Unfortunately in life our plan A doesn’t always work out. Sometimes we have to wait a little longer than we would like for what we want, and sometimes those things just aren’t meant to be at all. However, remember there are many routes to happiness and just because one thing hasn’t worked out that doesn’t mean there’s nothing to take its place. Rather than focusing fixatedly on one life plan, safeguard yourself against disappointment by formulating several backup plans in case plan A fails. By being flexible, prepared to adapt your plans and continually striving towards more than one goal, you will be better equipped to deal with setbacks and to get back on your feet in record time.

Bounce back tip 7: Seek happiness

We often think that happiness should be something that comes to us naturally, without any effort on our part. However, very often happiness is a choice, not something that just falls upon us of its own accord. Make a choice to be happy by becoming a positive thinker, surrounding yourself with supportive friends, doing the things that you enjoy and looking after yourself. Even if you don’t feel like smiling or being happy right now, by acting how you want to feel, the feelings will often naturally follow. Article Courtesy Mr.R.Parthasarathy

Thursday, January 24, 2013


01. What do you know by stale cheque?- When the cheque becomes out of date and cannot be encashed, it is termed as stale cheque. For example, the validity period of any cheque is three months and when a cheque dated: 10.01.2012 is presented for payment on 10.01.2013, it is considered as a stale cheque, since the cheque is more than three months old.
02. What do you mean by post dated cheque?- When the date of the cheque is beyond the date on which the cheque is presented for payment, the cheque is considered to be post dated. For example, when a cheque dated: 10.02.2013 is presented for payment on 10.01.2013, it is considered to be a post dated cheque.
03. What do you know by current chest? – Currency chests are operated by RBI so that they can provide good quality currency notes to the public. However, RBI has appointed commercial banks to open and monitor currency chests on behalf of RBI. The cash kept in currency chests is considered to be kept in RBI and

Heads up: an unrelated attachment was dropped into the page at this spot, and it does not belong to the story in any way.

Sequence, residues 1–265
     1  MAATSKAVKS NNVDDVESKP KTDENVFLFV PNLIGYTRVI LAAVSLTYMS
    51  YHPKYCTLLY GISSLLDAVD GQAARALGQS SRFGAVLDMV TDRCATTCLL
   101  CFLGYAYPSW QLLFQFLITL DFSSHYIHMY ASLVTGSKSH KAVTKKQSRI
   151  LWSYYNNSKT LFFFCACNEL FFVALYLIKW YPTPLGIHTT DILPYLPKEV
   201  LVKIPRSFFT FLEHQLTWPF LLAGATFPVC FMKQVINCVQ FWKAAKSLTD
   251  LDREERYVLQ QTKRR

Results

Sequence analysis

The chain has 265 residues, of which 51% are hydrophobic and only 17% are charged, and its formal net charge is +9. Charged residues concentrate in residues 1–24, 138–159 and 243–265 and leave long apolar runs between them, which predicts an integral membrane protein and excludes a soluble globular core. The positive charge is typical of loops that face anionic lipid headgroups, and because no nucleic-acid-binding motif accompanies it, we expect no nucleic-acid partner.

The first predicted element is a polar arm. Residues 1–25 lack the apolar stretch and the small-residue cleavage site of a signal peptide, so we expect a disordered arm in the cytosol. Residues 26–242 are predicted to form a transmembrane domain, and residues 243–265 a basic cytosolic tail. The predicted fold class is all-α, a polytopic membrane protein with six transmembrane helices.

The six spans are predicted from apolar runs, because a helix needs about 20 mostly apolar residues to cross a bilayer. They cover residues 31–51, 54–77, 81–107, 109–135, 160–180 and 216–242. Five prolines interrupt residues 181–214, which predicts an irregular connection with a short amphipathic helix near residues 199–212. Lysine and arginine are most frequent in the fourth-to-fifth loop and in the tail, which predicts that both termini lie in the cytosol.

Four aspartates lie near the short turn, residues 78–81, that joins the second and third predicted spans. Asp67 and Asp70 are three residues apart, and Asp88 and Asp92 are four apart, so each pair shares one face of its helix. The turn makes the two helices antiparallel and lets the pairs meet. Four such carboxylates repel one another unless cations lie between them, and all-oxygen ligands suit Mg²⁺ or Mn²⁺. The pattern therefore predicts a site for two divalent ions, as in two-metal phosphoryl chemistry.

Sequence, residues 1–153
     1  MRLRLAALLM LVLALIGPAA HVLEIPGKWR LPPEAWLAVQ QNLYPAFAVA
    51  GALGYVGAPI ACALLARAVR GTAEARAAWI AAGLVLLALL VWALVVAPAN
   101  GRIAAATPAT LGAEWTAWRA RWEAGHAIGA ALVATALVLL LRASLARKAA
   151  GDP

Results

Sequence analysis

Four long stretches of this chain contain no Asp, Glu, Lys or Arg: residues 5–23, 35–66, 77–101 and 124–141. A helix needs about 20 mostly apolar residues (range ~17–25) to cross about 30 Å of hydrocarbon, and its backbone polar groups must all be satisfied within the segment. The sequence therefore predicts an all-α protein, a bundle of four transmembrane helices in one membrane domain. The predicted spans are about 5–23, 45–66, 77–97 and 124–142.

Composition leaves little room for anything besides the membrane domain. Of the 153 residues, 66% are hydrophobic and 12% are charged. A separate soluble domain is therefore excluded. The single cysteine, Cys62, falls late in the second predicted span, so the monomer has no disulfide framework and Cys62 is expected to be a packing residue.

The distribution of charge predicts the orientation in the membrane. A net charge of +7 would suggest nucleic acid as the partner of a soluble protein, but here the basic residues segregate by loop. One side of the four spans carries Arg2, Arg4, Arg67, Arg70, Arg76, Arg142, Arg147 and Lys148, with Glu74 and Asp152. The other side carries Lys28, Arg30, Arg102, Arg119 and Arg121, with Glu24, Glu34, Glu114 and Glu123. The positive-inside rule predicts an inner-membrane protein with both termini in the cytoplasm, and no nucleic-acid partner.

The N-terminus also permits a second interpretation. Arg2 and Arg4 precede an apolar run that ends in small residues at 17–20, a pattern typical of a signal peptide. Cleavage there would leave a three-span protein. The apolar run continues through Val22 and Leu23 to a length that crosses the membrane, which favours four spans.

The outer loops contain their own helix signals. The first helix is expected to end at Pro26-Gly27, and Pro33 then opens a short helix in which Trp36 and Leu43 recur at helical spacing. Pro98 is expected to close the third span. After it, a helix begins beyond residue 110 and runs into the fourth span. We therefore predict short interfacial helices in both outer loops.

04. What is meant by minimum balance to be maintained in the accounts? In the case of savings bank and current account deposits, the banks stipulates a minimum balance to be maintained. The minimum balance varies from bank to bank and when the balance in the account falls below the minimum balance then banks debit the account with some penal charges. Some banks insist quarterly average minimum balance to be maintained instead of regular minimum balance to be maintained.
05. What do you mean by tax deduction at source? TDS means tax deducted at source. Banks must deduct tax from the interest paid on the fixed deposit when the interest paid on fixed deposits to a customer exceeds Rs. 10000/- during the accounting year. TDS is applicable to fixed deposits only and is applicable to savings bank deposits.
06. What do you mean hindu undivided family? – HUF means Hindu Univided family and it is the legal entity duly recognized by the laws in India. The account of hindu undivided family is operated by Karta and karta is the senior most male member in the family. The remaining members in the family are called as coparceners. Banks can open deposit accounts and also extend loan facilities to hindu undivided family.
07. What do you know by MICR? – MICR means magnetic ink character recognition. Nowadays, the cheques are issued in MICR formats in metropolitan centres namely; Mumbai, Chennai, Kokatta, Bangalore etc. The micr code is readable by a reader sorter computer which helps in quick sorting of the cheques towards immediate adjustment of the amount to be received and paid by the banks in the clearing house. MICR code consists of the following namely; the cheque number, name of the city, name of the bank, name of the branch, account category etc. and banks simply type the amount of the cheque in the MICR portion using scanners so that the sorter reader is able to read the entire information in regard to the cheque instantaneously.
08. What do you mean by cheque truncation? – Under cheque truncation, the physical cheque is replaced by the digital image of the cheque after scanning. Once the cheque is truncated the physical cheque is cancelled and from the moment of truncation only the digital image has life. The digital image of the cheque which contains the digital signature of a bank officer as to its authenticity is processed by all banks and payment is effected. Cheque truncation helps in quick processing of the cheques drawn even on far away places since there is no necessity to physically move the cheque from one place to another place.
09. What do you mean by ECS?- ECS means electronic clearing service and this facility is used where a large number of small value payments or receipts are to be made or received. ECS can be used for either debit transactions or credit transactions. When a company wants to pay dividends to large number of shareholders, they use ECS credit facility and by debiting the company’s account, the shareholders accounts are credited with the dividend amount instantaneously. Similarly when an accountholder can use ECS debit facility towards effecting payment to telephone charges each month.